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Did You Know that Blind Snakes Decapitate Their Prey?

July 27, 2015



Those of us who keep snakes know that they eat their prey whole, swallowing the entire prey item fur or feathers, or scales and all. But did you know that blind snakes decapitate their prey, in this case, termites before they eat the entire body except the head? 


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Blind snake with termites

Takafumi Mizuno

Blindsnake with termite prey.

Researcher Takafumi Mizuno of the Kyoto Institute of Technology in Japan discovered that the blind snake (Indotyphlops braminus) removes the head of the termites it eats before eating the body, and sometimes, if the whole termini is eaten, regurgitates the insect and then removes the head. Mizuno also found that if the snake swallows the entire termite, the head is not digested but rather comes out the business end intact. 

Blind snake removing the head of the termite

TAKAFUMI MIZUNO

These images show a blind snake removing the head of the termite before it eats the body.

How the snake removes the head is also interesting. Mizuno observed the snake consumes the entire body of the termite except the head, leaving it outside its mouth. It then was observed rubbing the termites head against the side of its cage until the decapitation occurred. Mizuno also wrote in his research paper, published in the Journal of Zoology, that the blind snake only decapitated its termite prey only about half the time it ate the termites. The researchers are unsure why some termites have their heads removed before the snake eats them but they do have some theories as to why the blind snake removes the heads of the termites before they eat them.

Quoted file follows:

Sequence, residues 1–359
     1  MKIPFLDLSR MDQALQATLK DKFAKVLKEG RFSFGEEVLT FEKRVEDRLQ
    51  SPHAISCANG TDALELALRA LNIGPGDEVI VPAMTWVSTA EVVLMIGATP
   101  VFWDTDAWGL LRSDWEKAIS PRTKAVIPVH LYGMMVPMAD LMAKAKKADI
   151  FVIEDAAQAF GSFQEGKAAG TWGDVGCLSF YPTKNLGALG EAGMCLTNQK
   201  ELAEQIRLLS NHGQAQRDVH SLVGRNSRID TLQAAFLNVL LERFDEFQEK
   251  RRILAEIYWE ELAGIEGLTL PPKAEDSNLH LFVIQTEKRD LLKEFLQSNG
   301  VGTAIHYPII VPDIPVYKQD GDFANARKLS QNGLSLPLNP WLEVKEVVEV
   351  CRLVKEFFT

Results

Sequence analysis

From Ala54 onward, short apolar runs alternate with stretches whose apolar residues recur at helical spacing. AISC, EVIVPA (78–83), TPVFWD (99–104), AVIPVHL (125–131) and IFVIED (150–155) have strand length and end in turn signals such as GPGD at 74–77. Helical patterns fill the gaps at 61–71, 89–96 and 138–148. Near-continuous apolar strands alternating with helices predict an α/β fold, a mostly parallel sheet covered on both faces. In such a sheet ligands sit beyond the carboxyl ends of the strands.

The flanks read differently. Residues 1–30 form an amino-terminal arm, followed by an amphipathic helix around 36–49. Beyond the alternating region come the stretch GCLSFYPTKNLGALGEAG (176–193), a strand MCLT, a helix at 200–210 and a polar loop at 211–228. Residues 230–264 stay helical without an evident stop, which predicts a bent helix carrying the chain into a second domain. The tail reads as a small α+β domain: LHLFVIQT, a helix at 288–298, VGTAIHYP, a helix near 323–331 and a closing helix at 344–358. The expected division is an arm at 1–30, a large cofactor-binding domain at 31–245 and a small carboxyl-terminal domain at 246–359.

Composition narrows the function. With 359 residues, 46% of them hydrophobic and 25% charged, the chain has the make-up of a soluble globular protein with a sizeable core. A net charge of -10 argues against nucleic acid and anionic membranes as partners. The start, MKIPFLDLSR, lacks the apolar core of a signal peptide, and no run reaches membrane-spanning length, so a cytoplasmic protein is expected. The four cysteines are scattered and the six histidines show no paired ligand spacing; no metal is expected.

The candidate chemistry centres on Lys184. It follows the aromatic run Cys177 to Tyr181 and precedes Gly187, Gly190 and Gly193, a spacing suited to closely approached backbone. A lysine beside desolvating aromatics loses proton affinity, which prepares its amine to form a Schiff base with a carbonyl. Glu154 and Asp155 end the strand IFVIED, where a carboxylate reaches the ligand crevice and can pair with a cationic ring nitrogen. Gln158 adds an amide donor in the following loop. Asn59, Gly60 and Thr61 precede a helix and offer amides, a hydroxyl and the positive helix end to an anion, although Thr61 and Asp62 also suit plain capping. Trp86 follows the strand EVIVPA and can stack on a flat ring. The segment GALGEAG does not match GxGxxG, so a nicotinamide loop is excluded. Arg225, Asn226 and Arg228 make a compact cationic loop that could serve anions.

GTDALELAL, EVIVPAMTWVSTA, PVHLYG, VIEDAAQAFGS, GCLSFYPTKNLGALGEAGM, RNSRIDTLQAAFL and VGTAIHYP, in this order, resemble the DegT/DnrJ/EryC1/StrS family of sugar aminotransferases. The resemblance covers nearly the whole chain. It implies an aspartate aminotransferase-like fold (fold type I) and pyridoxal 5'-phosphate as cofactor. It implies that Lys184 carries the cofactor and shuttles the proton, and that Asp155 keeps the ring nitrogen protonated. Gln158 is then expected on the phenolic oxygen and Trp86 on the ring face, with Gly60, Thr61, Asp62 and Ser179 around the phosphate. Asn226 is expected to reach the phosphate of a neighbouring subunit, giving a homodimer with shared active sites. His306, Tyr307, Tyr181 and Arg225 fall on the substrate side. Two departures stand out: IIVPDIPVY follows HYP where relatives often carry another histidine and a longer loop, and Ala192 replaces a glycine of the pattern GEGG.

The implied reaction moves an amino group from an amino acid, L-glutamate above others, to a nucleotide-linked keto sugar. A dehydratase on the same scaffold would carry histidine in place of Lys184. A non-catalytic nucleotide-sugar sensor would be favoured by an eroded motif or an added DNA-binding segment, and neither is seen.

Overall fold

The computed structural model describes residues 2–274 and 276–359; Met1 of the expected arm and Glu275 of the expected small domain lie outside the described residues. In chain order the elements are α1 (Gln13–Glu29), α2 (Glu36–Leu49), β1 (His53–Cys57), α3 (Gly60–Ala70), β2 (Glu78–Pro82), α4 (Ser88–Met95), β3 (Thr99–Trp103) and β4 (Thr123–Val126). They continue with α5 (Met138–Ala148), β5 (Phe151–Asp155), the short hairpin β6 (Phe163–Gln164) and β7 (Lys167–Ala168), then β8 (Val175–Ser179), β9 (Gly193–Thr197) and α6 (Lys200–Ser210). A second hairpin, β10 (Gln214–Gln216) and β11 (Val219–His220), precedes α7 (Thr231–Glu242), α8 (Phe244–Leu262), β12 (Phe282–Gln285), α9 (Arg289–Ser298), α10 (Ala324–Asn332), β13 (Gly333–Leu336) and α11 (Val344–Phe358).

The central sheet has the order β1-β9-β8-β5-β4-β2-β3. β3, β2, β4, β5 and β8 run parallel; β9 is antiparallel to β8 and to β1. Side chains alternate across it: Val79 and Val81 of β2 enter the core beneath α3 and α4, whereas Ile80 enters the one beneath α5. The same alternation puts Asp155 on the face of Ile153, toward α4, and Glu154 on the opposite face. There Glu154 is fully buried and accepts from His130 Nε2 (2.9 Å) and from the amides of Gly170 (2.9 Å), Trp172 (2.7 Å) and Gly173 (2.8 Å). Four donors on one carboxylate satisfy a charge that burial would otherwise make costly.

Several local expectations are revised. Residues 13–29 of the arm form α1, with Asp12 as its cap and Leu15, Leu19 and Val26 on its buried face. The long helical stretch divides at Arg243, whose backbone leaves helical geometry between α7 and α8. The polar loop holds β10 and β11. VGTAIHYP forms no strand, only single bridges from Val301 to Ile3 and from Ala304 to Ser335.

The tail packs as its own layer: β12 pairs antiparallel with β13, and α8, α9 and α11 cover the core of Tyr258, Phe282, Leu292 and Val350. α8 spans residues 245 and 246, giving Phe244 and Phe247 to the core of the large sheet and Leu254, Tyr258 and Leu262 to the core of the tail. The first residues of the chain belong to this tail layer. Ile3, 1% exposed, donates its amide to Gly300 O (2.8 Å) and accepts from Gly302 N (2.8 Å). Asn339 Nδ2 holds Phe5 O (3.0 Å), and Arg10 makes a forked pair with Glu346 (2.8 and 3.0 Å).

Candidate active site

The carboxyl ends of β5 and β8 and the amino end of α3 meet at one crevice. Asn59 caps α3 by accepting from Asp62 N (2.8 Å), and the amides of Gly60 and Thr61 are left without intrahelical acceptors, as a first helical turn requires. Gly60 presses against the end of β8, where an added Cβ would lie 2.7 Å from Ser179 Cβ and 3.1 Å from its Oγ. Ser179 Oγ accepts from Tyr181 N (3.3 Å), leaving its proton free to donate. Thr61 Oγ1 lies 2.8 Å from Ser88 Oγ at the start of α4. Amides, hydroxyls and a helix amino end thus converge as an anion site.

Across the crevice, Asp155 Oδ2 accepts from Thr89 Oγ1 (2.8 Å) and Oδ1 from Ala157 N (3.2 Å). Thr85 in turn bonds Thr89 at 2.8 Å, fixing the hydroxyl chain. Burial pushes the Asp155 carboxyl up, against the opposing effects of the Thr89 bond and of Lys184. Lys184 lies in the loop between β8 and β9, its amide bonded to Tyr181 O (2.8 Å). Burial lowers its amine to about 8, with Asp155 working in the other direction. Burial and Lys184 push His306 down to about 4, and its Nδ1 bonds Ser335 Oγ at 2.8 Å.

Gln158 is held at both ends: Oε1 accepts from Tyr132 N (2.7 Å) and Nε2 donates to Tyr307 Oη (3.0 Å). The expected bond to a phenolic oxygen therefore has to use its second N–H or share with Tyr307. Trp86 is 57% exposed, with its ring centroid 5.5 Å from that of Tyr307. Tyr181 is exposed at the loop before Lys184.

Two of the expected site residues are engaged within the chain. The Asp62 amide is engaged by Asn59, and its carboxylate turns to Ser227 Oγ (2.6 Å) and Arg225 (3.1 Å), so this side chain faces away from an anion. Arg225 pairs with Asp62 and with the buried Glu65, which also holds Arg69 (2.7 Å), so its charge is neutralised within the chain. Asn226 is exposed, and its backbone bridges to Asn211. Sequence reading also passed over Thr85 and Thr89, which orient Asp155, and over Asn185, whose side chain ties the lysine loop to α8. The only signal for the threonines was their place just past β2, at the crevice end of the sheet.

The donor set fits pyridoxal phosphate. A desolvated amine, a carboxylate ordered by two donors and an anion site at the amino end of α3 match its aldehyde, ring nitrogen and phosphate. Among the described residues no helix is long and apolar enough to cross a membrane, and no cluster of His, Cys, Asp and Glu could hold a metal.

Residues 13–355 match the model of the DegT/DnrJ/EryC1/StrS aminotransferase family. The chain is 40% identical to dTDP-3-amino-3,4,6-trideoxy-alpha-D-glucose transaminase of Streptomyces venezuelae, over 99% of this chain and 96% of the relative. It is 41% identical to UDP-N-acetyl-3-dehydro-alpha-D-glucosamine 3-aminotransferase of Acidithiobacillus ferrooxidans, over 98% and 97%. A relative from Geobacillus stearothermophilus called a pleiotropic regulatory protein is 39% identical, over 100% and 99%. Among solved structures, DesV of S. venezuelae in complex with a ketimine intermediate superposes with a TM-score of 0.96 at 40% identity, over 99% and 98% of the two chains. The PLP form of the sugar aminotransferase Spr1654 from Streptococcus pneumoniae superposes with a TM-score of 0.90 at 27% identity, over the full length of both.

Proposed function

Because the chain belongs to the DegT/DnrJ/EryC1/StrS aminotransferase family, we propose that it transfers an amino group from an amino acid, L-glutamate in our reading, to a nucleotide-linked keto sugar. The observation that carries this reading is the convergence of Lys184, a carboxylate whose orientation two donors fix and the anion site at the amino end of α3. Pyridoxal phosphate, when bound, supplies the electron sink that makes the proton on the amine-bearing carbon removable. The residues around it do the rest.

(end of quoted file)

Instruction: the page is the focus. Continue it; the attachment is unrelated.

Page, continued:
1. The heads have toxic chemicals present that the snake does not like 
  2. The removal of the head frees up space in the snake’s belly to eat more termites

According to Mizuno, the blind snake will always try to remove the head of the termite but is only successful about 50 percent of the time. Only two species of the Asian crab eating snake removes body parts before eating its prey, and in the case of the crab-eating snake, it removes the legs of its prey items before it eats the rest of the crab. 


John B. Virata keeps a western hognose snake, a ball python, two corn snakes, a king snake, and two leopard geckos. His first snake, a California kingsnake, was purchased at the Pet Place in Westminster, CA for $5. His first pet reptile was a green anole that arrived in a small box via mail order. Follow him on Twitter @johnvirata 

 

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